The Business and Investment Guide to East Liberty
Ten years ago, a typical landlord would’ve tried to say his East Liberty properties were in Shadyside. But now, the boom is on -- like prodigal children, everybody claims the East Liberty name.
“I think East Liberty is the place to be,” says Art Schwotzer, a Butler-based developer. His company, Crossgates, is building 30 luxury condo units at Baum and Penn Circle West. “Just take a look and see what’s going on. Walgreens, Starbucks -- when Starbucks moves into an area, that tells you something,” he says. “They really do their homework, those guys.”
Crossgates already owns the similar Madison condos in North Oakland, but the Lofts on Baum will be the company’s first big investment in East Liberty. Schwotzer’s upbeat remarks summarize the new conventional wisdom on East Liberty: That of a neighborhood that’s worked hard to revive, now suddenly “endorsed” by key national chains. “With all they’re doing over there with Whole Foods, the Hillman Cancer Center and what’s going on on Baum and Centre, we just thought this was a market that deserved a building like this,” Schwotzer adds.
The national chains’ arrival has been dramatic. Besides those mentioned by Schwotzer, there’s also Home Depot, with Borders, Staples and now Trader Joe’s. And yet, there’s more to East Liberty’s business story. Before the chains there were the scrappy and creative entrepreneurs, as well as major public works, like restoring historic street patterns and public-private partnerships to remake low-income housing towers into mixed-income developments.
Last but not least, independent bar and restaurant proprietors have set up shop at the Highland and Centre intersection, aiming with fresh menus, renovations and music to serve not only East Liberty but the whole city. With their new popularity, these casual-yet-classy nightspots are connecting East Liberty to the rest of the city, one dinner at a time.
Money. It's a gas.
Attracting national capital to East Liberty was an accomplishment several years in the making for the East Liberty Development Initiative, a nonprofit community-development corporation. Much of the current boom was actually charted in a 1999 comprehensive plan. The plan was followed by marketing efforts and many cases of “gap financing,” in which public or semi-public funds make up the difference between a project’s costs and what a private will loan.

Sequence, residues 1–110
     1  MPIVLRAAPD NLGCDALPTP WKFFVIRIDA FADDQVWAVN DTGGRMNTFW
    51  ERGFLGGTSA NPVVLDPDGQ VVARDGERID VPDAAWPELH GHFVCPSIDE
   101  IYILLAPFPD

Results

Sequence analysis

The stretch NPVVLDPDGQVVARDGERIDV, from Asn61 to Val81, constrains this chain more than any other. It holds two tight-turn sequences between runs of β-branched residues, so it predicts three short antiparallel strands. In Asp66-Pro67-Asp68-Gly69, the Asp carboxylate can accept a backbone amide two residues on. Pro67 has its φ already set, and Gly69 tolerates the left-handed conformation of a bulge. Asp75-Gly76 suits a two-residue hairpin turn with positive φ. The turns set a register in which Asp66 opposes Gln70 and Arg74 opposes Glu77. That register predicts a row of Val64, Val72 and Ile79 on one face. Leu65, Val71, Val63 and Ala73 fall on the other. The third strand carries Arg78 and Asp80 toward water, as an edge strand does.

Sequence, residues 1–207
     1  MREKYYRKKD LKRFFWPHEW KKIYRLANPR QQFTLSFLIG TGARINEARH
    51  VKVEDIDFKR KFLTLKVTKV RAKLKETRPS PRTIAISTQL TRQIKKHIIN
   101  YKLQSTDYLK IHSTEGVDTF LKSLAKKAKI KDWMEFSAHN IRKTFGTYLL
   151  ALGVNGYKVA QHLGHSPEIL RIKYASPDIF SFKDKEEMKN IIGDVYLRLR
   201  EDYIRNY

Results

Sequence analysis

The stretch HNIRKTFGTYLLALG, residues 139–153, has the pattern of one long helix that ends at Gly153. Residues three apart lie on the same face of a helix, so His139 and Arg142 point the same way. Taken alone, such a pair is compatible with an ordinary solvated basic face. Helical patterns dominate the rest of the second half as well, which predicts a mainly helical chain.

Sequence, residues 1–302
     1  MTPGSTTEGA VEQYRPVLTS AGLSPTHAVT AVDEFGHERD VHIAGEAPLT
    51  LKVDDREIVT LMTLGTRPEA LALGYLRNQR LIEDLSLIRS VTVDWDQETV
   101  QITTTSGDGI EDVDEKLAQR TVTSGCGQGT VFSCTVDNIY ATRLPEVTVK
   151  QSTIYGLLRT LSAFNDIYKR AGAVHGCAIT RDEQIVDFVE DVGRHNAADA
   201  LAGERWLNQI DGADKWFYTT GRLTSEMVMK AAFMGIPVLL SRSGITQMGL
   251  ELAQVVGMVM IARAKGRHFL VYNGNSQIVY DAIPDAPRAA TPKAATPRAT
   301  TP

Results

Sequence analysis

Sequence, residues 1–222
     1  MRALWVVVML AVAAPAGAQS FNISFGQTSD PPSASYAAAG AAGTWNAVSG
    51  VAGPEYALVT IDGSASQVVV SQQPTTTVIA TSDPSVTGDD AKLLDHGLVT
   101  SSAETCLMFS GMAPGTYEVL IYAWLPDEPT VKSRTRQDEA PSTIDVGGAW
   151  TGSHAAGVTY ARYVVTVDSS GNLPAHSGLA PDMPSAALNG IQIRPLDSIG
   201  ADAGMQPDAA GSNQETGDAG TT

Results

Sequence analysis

All along, East Liberty held promise – and pent-up demand. East Liberty has “the most valuable trade area in the region,” notes Tom Link, manager of business development for the city’s Urban Redevelopment Authority. “It’s in the center of wealthy areas. That’s what made it such a successful commercial region in its heyday. It had the most buying power in the region, maybe in the whole U.S. at the time.”
Even when East Liberty became run down in the 1980s and ’90s, it never died. And meanwhile, the surrounding neighborhoods remained affluent. The power of East Liberty’s central crossroads is a geographic fact that hasn’t changed since Thomas Mellon first sold plots in the 1800s, launching East Liberty as the “second downtown” that the East End through the 1950s.
The worst threat to this bustling, urban neighborhood was the “call of the mall.” Trying to match suburban competition in the 1960s, the neighborhood underwent a massive urban-renewal plan, including vast demolition and “modern” rebuilding. The plan also created Penn Circle -- a beltway-type loop around the neighborhood –which backfired spectacularly, stifling the commerce it was intended to attract.
With this traumatic history, it’s no surprise that East Liberty would seek revival in neo-traditional urbanism, undoing the radical “renewal” that disrupted it decades ago. This spring, for instance, an $800,000 state- and city-funded streetscape improvement was announced for the formerly seedy Broad Street. Still, the highest priority has been reclaiming street grid from Penn Circle and opening it to two-way traffic.
“Two-way traffic on Penn Circle South was a critical part,” agrees Steve Mosites, the developer of the Eastside stores on the newly re-christened Centre Avenue, which includes Walgreens, Starbucks and Borders. Mosites and architect Chris Minnerly took advantage of the unusual, sloping site to make a two-level, compact development that would have “front doors” on both stories. Plans are also underway to build a pedestrian bridge across the valley to neighboring Shadyside.